High plateau in Central Madagascar alt. 1,300–1,500 m (4,300–4,900 ft) in central Madagascar, near Ambositra. Open forest habitat and plateaus; among rocks or in riverine forest remnants, medium or steep mid slope; where a few plants survive in forest remnants. Recently has also been discovered growing in locations shared by Dypsis decipiens.
Conservation status: Critical. In 1992 twelve trees of this species were known, all growing in or next to agricultural areas; in 1994, at least five of these had been cut down or burnt.
Dypsis ambositrae is an elegant palm that grows a moderately sized, smooth, ringed trunk to about 7 m (23 ft) tall that carries a grayish crownshaft and a crown of gracefully arching, V-shaped leaves with the stiff leaflets drooping at the tip. Generally a solitary palm, but, like may dypsis, often splits and doubles or even triples at or above ground elevation. It usually stays solitary when in regularly burnt terrain. This is a heeled, tillering dypsis.
Trunk: 3–7 meters tall, 12 cm in diameter; internodes 10–20 cm apart, pale brown to grey colored (green and ringed when young), nodal scars 0.5 cm, grey; wood hard; base of stem slightly wider, with some surface roots; slight bulge in upper trunk in one older tree; crownshaft pale waxy grey-green. Crown holds 7-11 leaves, spiral, gracefully arching, with stiff pinnae; crownshaft 64–103 cm. long, pale green with a white bloom, ligules 2 cm.; petiole 3–30 cm. long, 3-6 x 2.2-4.5 cm. in diam., channelled with soft edges; rachis 2.1-2.8 m., in mid-leaf 2.2-3.5 cm. wide, green; pinnae 74-84 on each side of the rachis, grouped only very slightly in 2s-5s, in one plane, the pinnae on opposite sides of the rachis at an angle of roughly 130° +-, stiff with only the apices pendulous, apices attenuate, unequally bifid, the proximal 69-144 x 0.3-1.8 cm., (first interval c. 29 cm., more distal 3.5–9 cm.), median 89-114 x 2.3–3 cm (leaflet interval 0.2–2 cm, group interval 2-3.5 cm), distal 18-58 x 0.8-2.5 cm, abaxially with distant tufts of pale grey ramenta over almost whole length of midrib, with scattered scales very faint to invisible, main veins faint, with only the midrib very prominent on the adaxial surface.
Influorescence: Interfoliar, branched to 2 (3 in a few cases) orders, with the basal part within the closed sheath, the prophyll hidden and the peduncular bract spreading from the top of the sheath; peduncle 68–123 cm. long, distally 9 x 5 cm. in diam., green, glabrous, curved outside the sheath; prophyll c. 91 cm., borne at 32 cm. above the base of the peduncle, 11.5 cm. wide, narrowly 2-winged; peduncular bract deciduous, about 80 cm., beaked (about 5 cm.) and closed distally, pale waxy grey, inserted about 48 cm. from the base of the peduncle; open peduncular bract 14 x 7 cm.; rachis 84–102 cm., with 23-24 branched and 14-17 unbranched first order branches, in a few cases some of the proximal branches branched twice more, but not more than 3 in the entire inflorescence; all axes green with white bloom; first order branches proximally 2-3 x 0.5–1 cm.; rachillae 14–32 cm., 3–4 mm. in diam., with flattish base and distant to rather dense triads, hardly sunken in slight pits with entire, obtuse or acute bracts. Staminate flowers with sepals 2.2-2.5 x 1.6-2.2 mm., keeled, gibbous at the base, broadly ovate, obtuse, the margins membranous; petals connate for 0.2-0.5 mm., the free lobes 2.8-3 x 2.8-3.2 mm., ovate or elliptic, acute, sometimes with hooded apex; stamens 6, uniseriate, the filaments connate for 0.2-0.5 mm., 2.8-3.2 mm. long, anthers 2.1-2.3 x 1 mm.; pistillode 2.2-2.3 mm., columnar, 0.8–1 mm. in diam. Pistillate flowers with sepals 2.4-3 x 3-4.1 mm., broadly ovate, rounded; petals hardly connate at the base, 3.5-4.1 x 4–5 mm., imbricate but for the apiculate apex, broadly ovate, concave; staminodes 6, 0.3-1.6 mm., narrow and flat; ovary asymmetrical, 2.7-4.8 x 2.8–4 mm., with indistinct pyramidal stigmas. Fruit only known from carbonized remnants, about 14 x 10.5 mm., possibly with fibrous endocarp, possibly with ruminate endosperm.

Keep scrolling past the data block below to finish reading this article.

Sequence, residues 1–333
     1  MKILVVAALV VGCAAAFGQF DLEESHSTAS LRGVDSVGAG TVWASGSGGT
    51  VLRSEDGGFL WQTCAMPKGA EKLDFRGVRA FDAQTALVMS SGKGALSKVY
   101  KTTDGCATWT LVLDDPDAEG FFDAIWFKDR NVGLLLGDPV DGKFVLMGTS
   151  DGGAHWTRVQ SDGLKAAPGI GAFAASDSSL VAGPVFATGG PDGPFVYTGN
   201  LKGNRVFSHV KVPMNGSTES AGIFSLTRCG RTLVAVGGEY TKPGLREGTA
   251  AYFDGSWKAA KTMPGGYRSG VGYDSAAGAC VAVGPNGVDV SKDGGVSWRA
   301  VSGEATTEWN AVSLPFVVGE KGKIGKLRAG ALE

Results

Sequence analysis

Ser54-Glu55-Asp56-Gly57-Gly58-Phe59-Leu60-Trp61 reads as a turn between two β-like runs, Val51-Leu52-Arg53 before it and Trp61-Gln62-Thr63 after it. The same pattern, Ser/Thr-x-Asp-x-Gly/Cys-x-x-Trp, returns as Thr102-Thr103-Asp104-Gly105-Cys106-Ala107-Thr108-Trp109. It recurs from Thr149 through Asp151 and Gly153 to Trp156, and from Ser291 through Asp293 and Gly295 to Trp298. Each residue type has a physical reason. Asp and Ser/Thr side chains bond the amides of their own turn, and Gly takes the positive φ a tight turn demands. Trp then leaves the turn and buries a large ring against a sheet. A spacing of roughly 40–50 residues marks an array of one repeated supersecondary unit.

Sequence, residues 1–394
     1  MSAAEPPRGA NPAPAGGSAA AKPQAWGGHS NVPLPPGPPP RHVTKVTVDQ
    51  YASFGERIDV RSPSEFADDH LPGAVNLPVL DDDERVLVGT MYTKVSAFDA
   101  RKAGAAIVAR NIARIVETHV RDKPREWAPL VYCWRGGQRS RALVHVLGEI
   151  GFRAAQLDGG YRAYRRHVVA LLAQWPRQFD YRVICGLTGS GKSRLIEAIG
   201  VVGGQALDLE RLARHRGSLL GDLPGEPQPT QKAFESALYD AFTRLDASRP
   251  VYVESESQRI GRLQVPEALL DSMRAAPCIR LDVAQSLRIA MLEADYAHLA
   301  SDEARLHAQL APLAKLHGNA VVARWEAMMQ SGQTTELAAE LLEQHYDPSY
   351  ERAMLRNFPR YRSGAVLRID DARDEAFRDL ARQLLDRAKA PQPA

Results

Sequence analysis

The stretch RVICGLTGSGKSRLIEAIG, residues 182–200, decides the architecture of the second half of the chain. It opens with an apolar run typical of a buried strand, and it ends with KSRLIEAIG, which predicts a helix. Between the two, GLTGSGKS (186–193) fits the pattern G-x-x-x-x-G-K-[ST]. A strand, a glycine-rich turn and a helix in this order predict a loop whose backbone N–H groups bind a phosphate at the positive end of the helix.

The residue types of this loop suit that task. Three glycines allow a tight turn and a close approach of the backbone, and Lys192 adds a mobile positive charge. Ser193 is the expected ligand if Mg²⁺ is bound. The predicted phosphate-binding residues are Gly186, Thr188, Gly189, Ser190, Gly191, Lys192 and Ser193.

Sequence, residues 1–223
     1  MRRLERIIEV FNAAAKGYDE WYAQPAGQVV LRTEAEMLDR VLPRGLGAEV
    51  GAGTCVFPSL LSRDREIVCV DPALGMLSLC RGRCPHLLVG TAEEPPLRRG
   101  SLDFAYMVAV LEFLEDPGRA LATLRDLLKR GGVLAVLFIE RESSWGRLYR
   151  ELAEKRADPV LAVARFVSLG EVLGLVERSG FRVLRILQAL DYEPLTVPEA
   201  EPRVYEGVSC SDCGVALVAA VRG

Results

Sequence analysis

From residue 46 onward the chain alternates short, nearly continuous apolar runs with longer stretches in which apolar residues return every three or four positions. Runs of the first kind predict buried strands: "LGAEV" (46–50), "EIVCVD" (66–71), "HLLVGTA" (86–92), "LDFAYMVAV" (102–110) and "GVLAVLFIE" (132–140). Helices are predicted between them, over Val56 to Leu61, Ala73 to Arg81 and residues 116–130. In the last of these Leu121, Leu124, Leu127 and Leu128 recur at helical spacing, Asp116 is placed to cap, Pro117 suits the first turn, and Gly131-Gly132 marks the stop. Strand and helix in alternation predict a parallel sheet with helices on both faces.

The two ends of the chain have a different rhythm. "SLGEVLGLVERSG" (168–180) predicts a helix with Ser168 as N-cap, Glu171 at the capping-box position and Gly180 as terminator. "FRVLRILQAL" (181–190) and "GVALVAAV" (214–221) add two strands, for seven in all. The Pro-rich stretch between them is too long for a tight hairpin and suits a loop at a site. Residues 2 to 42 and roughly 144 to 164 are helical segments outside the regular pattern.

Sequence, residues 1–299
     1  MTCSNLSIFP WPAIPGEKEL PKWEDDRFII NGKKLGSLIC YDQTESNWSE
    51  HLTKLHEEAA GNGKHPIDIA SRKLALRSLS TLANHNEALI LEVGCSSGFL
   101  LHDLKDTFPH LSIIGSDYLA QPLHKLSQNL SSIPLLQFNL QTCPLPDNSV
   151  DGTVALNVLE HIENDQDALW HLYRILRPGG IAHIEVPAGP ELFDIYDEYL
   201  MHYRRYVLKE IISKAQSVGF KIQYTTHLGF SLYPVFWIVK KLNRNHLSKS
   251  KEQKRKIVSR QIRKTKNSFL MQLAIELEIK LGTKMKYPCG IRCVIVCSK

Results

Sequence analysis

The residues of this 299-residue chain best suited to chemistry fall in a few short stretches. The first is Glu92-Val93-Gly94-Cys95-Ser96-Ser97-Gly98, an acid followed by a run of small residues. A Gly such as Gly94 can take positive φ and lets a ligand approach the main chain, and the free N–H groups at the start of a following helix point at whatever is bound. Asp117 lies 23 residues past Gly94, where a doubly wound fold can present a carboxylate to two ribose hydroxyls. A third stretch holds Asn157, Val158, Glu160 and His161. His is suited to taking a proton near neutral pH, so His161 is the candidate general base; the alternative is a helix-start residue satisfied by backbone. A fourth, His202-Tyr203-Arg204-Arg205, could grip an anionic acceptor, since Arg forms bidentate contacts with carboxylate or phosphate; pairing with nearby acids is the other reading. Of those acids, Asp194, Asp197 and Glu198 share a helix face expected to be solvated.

With its slightly grouped pinnae, and glabrous inflorescences branched to 2 orders, this species is allied to D. oreophila and D. tsaratananensis, from which it is easily distinguishable by its larger crownshaft, longer leaves with larger pinnae, the much longer inflorescences, and the larger fruit.
This palm has only recently been brought into cultivation. Initial seeds were brought in under the name 'dypsis ambositrae' that turned out to be another species now identified as dypsis plumosa. More recent seed introductions appear to be the real dypsis ambositrae. This is a palm from the higher elevations of Madagascar and exhibits reasonable adaptation to cool subtropical and mild mediterranean and mild temperate regions of the world. It is hardy to radiational freezes of short duration down to about 27F. Full sun to part shade, tolerates dry atmospheric conditions but requires warm, moist soil conditions. This is a tillering saxophone-style heeled dypsis similar to sabal: plant the heel above ground in well-draining soil to prevent rotting.